I wrote a blog post about the dangers of focusing too much on hardware specs to predict performance when choosing hardware. In my experience many other factors (such as the software the hardware will run) have much more of an impact. Focusing on specs alone incentivizes bad practices like planned obsolescence and disposable hardware.
Heh. For a while, I was using a Thinkpad x200 as my primary laptop. It worked great with Debian+XFCE. The reason I had to buy a newer laptop is because when I went to school, Zoom absolutely cripple the poor thing.
@kop316 Yeah in my experience the apps that cause the most problems end up being proprietary ones primarily developed on proprietary platforms that are on this upgrade treadmill. I suspect the developers only test on top-of-the-line hardware, and get new gear every year or two.
It wouldn't surprise me at all. I miss that laptop. I paid $150 for that laptop and put in a 200$ SSD in it. I really liked it since if I lost it or broke it, the pain of losing that SSD would be worse than the laptop, and no one messed with it.
@kop316 I know what you mean, I used a Thinkpad X200s for about six years (with a RAM and disk upgrade along the way) before I got the first gen Librem 13 for my personal laptop. And I used that Librem 13 until I replaced it with a Librem 5 + lapdock.
I have to say the X200 was the last of its kind when it came to keyboard quality (although to me the X60 was even better). Everything since, Thinkpad and otherwise, has been a step down.
@kop316 I would have probably considered the X2100 myself if I didn't have Purism gear as an option. In general I like the idea of breathing new life into old, perfectly great chassis with the addition of a new motherboard.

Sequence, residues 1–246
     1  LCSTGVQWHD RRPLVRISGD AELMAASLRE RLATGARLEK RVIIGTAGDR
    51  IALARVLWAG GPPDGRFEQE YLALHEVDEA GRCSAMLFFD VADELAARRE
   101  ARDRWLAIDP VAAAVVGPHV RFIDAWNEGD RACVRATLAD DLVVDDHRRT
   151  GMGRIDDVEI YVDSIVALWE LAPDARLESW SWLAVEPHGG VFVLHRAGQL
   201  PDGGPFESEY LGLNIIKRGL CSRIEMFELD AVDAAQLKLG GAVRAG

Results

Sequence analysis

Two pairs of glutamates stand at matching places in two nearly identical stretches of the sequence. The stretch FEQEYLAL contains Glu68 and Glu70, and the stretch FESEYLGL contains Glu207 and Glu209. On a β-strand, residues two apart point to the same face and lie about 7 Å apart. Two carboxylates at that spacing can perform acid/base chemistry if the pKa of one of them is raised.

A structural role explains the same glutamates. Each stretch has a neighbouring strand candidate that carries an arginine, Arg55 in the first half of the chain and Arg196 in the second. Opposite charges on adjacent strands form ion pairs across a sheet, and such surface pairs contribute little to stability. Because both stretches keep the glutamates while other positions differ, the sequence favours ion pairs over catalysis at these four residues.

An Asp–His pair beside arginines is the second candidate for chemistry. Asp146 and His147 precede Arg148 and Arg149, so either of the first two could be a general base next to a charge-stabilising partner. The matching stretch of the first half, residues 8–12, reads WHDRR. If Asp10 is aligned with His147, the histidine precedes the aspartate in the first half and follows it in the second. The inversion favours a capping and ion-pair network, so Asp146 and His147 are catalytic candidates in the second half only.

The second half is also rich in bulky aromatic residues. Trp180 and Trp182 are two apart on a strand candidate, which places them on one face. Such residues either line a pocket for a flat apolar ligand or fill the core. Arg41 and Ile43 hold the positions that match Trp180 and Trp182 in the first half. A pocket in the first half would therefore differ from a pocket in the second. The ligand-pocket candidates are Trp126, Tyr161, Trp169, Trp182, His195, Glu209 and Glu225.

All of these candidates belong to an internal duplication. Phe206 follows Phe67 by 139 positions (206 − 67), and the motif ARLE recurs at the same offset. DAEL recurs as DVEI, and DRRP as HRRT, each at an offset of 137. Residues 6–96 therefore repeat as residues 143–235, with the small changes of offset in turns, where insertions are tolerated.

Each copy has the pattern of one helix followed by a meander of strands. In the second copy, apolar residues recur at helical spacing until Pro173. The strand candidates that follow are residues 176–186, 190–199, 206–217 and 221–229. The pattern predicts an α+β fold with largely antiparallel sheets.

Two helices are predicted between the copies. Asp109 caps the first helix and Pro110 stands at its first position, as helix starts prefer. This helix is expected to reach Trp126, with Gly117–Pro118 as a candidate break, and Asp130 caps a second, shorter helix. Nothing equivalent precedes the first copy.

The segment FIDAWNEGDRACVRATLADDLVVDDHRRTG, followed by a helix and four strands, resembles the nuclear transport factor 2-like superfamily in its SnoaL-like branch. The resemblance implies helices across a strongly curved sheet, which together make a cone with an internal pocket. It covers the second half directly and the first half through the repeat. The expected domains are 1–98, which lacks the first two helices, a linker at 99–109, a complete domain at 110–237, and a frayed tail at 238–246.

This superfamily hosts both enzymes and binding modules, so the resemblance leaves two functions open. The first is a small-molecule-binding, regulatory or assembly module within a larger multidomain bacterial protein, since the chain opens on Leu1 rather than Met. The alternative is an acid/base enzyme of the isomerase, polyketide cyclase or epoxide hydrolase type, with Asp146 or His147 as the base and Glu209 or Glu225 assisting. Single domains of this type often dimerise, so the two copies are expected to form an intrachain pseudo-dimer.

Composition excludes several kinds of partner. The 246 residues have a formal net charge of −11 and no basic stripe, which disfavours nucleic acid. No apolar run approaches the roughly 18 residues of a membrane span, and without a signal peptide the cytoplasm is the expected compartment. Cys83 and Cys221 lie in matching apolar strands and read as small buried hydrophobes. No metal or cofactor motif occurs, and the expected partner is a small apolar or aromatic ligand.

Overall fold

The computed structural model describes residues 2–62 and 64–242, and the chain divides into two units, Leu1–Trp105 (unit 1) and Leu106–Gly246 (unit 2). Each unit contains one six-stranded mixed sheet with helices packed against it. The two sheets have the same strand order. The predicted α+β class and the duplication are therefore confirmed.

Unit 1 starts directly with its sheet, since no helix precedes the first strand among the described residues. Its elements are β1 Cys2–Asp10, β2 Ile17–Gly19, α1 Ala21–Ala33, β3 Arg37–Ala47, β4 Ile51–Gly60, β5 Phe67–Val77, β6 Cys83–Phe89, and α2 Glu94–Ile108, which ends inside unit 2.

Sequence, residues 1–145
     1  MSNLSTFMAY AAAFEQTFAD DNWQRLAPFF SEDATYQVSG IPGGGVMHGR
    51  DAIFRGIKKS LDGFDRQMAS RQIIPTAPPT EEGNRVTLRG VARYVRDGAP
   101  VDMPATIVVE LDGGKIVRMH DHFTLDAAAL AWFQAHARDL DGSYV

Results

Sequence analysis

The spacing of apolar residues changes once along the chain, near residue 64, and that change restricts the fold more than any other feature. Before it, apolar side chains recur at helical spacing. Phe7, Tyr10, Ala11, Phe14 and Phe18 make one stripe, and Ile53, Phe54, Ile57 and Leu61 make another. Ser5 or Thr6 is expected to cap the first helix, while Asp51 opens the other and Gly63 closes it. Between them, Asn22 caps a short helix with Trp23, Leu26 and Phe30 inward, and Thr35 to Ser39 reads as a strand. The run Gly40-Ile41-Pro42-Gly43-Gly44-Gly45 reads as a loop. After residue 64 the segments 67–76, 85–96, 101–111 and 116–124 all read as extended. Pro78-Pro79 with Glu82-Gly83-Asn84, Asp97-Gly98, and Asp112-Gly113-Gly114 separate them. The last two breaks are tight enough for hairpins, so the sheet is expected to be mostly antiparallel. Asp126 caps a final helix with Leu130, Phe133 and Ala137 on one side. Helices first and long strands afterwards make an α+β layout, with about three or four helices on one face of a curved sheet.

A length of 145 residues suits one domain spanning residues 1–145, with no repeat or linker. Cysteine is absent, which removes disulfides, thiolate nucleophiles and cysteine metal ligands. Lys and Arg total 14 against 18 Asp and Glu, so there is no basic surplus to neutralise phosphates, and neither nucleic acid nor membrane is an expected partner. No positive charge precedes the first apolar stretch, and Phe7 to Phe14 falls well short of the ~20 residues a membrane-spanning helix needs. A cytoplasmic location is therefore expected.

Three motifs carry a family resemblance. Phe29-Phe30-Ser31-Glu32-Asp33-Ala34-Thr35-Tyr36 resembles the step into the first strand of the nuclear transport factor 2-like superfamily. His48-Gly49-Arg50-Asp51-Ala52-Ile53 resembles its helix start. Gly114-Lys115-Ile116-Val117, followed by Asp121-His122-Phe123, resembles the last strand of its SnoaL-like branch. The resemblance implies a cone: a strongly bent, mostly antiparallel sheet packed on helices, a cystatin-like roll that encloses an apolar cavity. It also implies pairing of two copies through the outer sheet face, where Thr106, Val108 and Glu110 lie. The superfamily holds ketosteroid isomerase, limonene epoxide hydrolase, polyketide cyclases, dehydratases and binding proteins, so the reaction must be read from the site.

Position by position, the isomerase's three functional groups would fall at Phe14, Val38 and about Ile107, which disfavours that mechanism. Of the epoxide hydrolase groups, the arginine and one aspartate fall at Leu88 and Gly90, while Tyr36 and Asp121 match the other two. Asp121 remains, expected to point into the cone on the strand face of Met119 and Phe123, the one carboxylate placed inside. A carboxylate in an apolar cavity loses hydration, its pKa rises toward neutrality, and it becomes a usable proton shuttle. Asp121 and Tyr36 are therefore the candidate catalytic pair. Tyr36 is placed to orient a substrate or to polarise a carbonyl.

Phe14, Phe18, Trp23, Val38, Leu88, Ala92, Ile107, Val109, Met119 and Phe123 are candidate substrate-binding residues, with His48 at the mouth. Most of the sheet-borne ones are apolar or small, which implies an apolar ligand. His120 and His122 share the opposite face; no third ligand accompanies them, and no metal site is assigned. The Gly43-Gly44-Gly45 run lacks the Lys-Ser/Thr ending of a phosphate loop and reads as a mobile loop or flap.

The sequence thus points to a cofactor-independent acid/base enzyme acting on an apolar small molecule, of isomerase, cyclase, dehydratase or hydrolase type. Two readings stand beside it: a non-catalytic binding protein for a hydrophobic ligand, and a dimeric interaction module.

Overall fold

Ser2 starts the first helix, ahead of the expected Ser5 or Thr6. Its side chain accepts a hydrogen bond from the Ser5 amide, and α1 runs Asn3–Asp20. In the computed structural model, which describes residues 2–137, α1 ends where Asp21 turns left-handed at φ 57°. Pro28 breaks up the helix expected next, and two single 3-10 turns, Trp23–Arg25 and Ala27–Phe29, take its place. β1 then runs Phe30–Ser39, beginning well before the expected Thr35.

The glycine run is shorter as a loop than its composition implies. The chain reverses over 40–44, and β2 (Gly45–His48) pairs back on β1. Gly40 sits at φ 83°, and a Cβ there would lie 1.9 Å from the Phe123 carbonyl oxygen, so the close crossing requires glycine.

The T series was always too big for me (even the X series and 13" laptops in general are pushing it), but I'd love to see this done for an X60 or X60T, however unlikely.
@kyle This is why it was so cool to me that Microsoft developers ensured their code for Windows Phone (not 10) was optimized to run well on low-end phones so it would be even better on higher-end ones. Sadly Android was (and still might be) so bloated that high-end specs were necessary for a good experience, and most people only compared raw specs on the box and generally didn't care about software being optimized better.
@kyle My Librem 5 runs well enough. I expected most problems would be fixed given it took three years to receive it, but it still seems to be a work in progress. Microphone audio is poor, touch controls for the file browser don't work, had to install a browser add-on to view various web sites, hotspot doesn't work because of newer hardware. Progress on the hotspot software fix I can at least follow on the development site.
@tudza It is a huge and ongoing effort to make the entire Linux ecosystem adaptive and mobile-friendly. Bugs in the touch interface for Files (upstream GNOME project Nautilus) is an example. We do continue to work with upstream to improve things and even years on, I think you will notice a steady pace of improvements.
I also recommend the Mobile View Switcher plugin if you use Firefox. It's even worth using on desktops as websites remove a lot of their bloat if they think you are a phone.
@tudza If you are comfortable using the command line to install it using apt, in the mean time you may also want to experiment with the "nemo" file browser, as it also fits within the Librem 5 screen and the touch controls seem to work pretty well.
@kyle Don't recall hearing about nemo as an alternate file browser in the forums. I will give it a try. Thanks.
@kyle I believe that's the solution I found in the forums. Thanks for mentioning it.
@kyle I'm pleased with my Librem mini although I did have to send it in to get the power supply repaired after using it for a year.